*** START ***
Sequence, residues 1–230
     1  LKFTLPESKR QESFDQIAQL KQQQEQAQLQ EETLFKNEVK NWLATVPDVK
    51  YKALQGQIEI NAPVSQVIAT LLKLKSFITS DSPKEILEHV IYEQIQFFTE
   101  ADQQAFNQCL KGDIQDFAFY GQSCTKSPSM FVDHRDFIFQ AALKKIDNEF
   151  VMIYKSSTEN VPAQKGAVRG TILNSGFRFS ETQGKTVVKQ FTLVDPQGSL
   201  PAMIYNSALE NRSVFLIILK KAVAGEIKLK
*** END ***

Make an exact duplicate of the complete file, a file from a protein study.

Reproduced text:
Sequence, residues 1–230
     1  LKFTLPESKR QESFDQIAQL KQQQEQAQLQ EETLFKNEVK NWLATVPDVK
    51  YKALQGQIEI NAPVSQVIAT LLKLKSFITS DSPKEILEHV IYEQIQFFTE
   101  ADQQAFNQCL KGDIQDFAFY GQSCTKSPSM FVDHRDFIFQ AALKKIDNEF
   151  VMIYKSSTEN VPAQKGAVRG TILNSGFRFS ETQGKTVVKQ FTLVDPQGSL
   201  PAMIYNSALE NRSVFLIILK KAVAGEIKLK